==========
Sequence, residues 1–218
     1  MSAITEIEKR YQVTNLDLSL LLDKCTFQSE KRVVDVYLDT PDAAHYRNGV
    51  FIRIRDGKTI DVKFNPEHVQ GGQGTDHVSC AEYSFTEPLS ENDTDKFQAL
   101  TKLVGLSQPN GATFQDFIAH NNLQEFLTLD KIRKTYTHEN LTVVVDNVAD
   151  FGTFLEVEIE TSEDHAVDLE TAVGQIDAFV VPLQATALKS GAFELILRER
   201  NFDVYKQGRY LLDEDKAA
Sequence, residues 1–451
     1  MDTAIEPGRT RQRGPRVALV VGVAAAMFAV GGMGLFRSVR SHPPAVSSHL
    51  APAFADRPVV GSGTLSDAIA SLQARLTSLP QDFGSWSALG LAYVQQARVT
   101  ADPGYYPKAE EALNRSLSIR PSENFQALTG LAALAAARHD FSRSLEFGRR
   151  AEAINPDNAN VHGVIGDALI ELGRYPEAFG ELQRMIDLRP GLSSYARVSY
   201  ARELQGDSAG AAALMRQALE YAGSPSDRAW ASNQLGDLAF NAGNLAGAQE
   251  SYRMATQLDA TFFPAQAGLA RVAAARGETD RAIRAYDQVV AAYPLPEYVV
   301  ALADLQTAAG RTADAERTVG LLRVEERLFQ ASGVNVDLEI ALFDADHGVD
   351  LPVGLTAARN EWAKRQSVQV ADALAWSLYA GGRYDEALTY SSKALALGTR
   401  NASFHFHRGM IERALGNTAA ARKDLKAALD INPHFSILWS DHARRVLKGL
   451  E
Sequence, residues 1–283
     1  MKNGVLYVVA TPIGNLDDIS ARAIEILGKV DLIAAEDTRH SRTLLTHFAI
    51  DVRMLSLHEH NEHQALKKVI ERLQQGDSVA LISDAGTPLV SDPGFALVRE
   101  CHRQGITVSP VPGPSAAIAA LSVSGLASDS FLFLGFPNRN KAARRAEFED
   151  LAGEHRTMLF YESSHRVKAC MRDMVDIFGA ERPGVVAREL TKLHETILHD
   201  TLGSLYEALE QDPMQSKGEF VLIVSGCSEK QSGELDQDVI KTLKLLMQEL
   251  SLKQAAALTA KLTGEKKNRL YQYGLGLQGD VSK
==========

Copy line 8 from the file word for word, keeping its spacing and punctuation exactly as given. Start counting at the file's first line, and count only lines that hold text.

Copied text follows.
     1  MDTAIEPGRT RQRGPRVALV VGVAAAMFAV GGMGLFRSVR SHPPAVSSHL